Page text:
Three vehicles wore the Asüna emblem: the Sunrunner, a rebadged Chevy Tracker; the SE/GT, a variant of the Daewoo LeMans; and shown here, the stylish Asuna Sunfire. Americans will know it as the second-generation Isuzu Impulse/Piazza. Or maybe as the Geo Storm. In the years 1988-91, GM Canada operated a similar division called Passport that sold a Daewoo-built Opel Kadett E as the Optima.
In the late ’20s, GM launched its companion brand strategy, designed to plug the gaps, real or imagined, between the existing GM market segments. Oakland received a Pontiac companion, Oldsmobile the Viking, Buick the Marquette, and Cadillac the LaSalle. Each companion brand slotted in beneath its parent in price, with the LaSalle positioned as a younger, sportier version of the Cadillac.
In response to the Depression, the 1934 LaSalle (shown here) borrowed Oldsmobile’s engine and body shell. Since the brand mainly served to cannibalize senior Cadillac sales but at lower margins, LaSalle was discontinued in 1940. The Marquette brand lasted only two years (1929-30) while the Viking hung on for three (1929-31). However, Pontiac (born 1926) was so successful that it killed its parent brand, and Oakland folded in 1932.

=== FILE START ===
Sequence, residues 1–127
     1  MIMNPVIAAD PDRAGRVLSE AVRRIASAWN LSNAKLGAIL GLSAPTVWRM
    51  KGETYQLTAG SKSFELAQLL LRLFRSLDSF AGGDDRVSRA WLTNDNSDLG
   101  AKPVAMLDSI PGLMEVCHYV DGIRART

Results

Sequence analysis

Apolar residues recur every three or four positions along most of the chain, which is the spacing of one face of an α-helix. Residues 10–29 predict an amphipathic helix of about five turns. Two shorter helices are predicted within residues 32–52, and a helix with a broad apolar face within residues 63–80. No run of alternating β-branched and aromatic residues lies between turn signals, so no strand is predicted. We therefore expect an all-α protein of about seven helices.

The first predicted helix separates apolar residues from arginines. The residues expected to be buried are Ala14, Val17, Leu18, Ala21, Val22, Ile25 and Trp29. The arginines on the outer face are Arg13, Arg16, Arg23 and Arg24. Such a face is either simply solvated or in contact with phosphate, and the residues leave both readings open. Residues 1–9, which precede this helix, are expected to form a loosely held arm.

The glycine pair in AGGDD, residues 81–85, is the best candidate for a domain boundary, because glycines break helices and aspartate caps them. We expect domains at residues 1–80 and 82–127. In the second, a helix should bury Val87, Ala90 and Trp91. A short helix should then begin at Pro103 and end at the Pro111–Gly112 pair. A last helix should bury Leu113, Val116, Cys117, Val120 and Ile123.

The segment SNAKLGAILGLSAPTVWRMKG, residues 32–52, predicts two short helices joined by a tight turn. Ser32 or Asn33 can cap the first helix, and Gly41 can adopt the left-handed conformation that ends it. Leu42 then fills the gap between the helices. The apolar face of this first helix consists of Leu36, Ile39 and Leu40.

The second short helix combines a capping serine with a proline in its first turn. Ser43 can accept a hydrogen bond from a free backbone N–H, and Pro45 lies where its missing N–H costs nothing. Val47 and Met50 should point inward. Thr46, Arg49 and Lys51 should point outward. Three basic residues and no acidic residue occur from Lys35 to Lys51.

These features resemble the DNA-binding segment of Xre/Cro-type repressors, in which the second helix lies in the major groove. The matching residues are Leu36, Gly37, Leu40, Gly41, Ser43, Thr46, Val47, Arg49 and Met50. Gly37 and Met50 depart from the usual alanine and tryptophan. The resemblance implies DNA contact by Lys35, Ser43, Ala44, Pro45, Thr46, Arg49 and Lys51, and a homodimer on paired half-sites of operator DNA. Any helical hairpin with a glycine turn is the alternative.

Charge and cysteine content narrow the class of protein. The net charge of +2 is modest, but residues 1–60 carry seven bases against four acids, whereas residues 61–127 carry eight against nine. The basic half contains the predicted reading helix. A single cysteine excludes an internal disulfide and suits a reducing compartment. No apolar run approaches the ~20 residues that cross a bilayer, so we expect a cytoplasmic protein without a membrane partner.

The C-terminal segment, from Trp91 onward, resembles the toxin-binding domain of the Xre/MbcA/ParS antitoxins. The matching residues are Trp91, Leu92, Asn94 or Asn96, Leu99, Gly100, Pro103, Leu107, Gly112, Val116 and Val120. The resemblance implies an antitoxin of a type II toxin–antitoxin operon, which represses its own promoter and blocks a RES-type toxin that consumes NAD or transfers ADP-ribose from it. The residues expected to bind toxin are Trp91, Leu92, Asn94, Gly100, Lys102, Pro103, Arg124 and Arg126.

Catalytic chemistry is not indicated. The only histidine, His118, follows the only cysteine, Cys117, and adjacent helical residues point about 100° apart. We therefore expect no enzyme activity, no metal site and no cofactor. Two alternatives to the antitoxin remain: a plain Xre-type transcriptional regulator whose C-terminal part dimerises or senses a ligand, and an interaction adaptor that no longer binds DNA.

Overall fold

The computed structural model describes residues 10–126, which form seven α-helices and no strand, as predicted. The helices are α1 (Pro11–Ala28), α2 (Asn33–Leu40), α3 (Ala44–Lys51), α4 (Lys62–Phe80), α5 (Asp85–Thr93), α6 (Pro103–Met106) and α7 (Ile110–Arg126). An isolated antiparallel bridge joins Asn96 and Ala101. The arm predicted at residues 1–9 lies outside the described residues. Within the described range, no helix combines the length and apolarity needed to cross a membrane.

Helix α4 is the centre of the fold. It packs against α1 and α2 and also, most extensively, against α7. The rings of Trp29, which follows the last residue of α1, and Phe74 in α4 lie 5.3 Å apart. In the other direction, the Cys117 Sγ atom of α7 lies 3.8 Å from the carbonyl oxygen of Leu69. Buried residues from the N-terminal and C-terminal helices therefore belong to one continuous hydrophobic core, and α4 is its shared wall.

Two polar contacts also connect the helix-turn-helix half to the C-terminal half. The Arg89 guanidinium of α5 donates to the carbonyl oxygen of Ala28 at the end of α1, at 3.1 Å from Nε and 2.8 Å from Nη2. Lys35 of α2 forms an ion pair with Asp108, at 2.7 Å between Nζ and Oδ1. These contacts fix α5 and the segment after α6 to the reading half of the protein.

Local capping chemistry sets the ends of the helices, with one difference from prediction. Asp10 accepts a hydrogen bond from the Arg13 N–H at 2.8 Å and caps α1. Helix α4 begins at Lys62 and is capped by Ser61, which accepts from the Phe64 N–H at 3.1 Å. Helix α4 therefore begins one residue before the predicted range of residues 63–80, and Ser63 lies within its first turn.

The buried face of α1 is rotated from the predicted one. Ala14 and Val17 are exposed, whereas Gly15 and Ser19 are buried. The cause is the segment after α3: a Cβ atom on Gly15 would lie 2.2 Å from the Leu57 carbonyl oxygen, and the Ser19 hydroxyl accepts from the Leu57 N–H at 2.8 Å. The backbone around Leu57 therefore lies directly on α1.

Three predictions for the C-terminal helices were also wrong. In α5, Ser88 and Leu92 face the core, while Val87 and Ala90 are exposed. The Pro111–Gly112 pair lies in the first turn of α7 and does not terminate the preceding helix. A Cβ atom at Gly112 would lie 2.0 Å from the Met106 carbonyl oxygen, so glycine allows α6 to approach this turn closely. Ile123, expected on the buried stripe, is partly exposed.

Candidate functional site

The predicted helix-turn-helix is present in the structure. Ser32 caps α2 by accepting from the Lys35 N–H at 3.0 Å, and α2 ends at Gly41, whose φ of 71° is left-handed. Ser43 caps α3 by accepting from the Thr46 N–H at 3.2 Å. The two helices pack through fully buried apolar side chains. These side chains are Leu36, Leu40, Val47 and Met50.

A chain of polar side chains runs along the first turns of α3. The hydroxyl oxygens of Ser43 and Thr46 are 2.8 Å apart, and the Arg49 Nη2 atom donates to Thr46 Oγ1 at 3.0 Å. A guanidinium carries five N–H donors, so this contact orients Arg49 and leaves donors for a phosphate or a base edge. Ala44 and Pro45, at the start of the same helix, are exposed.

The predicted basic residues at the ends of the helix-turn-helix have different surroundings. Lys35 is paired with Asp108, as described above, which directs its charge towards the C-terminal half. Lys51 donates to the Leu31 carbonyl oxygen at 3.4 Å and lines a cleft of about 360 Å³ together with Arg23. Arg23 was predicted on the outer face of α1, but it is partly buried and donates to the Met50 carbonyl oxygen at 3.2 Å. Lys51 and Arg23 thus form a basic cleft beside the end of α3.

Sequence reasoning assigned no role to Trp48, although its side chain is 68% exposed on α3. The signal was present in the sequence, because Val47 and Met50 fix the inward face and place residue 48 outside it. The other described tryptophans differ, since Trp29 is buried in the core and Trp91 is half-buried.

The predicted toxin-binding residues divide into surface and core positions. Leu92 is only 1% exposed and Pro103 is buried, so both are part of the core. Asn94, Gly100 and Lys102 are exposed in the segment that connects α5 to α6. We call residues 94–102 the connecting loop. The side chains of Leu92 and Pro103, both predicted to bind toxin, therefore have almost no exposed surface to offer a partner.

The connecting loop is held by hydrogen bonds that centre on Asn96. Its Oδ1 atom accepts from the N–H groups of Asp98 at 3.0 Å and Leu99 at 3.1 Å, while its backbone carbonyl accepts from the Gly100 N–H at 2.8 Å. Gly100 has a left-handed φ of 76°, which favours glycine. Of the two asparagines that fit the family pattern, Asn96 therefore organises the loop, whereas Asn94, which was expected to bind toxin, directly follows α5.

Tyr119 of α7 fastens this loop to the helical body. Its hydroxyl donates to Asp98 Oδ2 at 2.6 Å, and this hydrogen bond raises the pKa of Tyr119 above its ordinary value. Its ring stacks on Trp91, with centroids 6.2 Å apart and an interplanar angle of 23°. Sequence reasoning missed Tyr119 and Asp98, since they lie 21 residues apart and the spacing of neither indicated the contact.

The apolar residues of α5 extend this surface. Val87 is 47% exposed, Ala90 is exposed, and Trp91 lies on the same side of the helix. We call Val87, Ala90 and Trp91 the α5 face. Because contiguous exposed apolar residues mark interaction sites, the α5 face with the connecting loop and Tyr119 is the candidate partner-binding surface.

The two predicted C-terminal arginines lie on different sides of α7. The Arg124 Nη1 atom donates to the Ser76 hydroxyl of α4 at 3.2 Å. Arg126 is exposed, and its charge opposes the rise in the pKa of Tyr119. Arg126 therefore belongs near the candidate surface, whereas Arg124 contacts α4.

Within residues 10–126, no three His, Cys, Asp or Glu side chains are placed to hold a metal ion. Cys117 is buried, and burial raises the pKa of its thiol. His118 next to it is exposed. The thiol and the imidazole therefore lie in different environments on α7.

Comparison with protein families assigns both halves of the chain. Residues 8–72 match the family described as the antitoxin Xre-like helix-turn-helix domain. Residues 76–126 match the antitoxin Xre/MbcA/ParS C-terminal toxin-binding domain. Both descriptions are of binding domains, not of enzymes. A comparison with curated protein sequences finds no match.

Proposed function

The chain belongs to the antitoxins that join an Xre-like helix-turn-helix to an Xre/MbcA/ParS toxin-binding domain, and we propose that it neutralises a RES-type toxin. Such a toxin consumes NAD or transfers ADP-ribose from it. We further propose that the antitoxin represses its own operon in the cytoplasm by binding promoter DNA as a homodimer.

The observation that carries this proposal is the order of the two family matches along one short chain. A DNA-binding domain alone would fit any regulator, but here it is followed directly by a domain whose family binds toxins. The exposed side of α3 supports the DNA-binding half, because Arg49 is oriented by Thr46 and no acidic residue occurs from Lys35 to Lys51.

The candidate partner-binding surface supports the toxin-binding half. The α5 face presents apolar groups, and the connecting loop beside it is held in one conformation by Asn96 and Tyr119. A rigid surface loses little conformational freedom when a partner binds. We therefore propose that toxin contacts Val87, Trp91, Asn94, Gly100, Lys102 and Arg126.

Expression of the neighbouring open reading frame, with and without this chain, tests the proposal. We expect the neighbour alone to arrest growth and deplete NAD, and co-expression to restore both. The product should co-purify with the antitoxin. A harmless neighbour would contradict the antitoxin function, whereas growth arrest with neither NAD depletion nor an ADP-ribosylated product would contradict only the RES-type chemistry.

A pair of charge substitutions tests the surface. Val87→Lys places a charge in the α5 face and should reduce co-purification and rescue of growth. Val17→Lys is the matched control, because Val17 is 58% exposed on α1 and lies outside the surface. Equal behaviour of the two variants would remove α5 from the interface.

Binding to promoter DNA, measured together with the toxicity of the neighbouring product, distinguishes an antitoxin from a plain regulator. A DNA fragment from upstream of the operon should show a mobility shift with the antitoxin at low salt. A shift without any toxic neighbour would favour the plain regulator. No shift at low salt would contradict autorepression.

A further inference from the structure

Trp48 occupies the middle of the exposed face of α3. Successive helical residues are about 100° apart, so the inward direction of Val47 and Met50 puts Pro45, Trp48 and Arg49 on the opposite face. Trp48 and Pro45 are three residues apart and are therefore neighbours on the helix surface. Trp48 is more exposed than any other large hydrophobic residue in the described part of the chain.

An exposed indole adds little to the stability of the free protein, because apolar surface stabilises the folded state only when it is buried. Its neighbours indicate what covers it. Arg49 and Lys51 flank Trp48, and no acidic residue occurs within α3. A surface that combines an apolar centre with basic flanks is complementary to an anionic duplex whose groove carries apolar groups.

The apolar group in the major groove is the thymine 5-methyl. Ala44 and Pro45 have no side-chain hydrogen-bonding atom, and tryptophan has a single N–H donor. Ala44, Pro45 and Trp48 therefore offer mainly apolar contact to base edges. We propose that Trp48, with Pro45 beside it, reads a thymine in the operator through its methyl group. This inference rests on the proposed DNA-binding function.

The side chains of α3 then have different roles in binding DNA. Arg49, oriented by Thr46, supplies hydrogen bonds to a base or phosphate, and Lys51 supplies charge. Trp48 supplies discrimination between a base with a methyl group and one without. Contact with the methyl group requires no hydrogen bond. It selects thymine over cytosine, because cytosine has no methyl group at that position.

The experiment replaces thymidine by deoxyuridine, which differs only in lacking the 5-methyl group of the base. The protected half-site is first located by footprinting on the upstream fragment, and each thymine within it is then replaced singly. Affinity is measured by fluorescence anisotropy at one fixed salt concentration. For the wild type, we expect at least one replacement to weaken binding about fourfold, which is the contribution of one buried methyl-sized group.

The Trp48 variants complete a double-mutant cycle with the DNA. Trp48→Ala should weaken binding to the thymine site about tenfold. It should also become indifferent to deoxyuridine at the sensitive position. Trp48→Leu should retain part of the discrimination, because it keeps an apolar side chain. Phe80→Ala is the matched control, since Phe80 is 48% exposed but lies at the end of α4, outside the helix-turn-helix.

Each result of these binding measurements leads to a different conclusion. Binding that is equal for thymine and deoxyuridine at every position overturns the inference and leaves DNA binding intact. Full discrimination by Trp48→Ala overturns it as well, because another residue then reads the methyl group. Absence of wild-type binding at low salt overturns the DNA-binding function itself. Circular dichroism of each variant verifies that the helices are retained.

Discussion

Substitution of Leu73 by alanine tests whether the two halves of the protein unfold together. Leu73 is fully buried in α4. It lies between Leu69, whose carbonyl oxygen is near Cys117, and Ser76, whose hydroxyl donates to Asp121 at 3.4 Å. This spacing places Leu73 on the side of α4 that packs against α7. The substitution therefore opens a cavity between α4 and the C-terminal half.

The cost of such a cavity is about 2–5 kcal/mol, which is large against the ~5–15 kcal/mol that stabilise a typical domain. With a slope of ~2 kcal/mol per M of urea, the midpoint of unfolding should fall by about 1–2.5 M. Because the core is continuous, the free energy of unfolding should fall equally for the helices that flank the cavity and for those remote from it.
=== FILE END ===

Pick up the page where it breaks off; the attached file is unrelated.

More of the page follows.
Sheridan was the first GM division conceived from within the corporation, all the other brands up to that point being outside acquisitions. Two models were planned, a four (above) and a V8. But in 1920, just as the vehicle was nearing production, chairman Billy Durant, the champion of the project, was ousted from the company for the second time. GM management saw no potential in Sheridan and was pleased to sell off both the car and its Muncie, Indiana plant to Durant’s new enterprise, Durant Motors.
Durant’s plans for Sheridan included installing his son Cliff Durant as president and WWI flying ace and Indy 500 veteran Eddie Rickenbacker as sales manager. Cliff, a wannabe race driver, was by all accounts a drunk and a rake, and Durant senior hoped the war hero might serve as a driving instructor and life coach. However, the relationship soured as quickly as Sheridan sales. The brand was discontinued in September 1921 and Rickenbacker departed. But not empty handed. The beautiful Adelaide Frost Durant, Cliff’s ex-wife, became Mrs. Eddie Rickenbacker.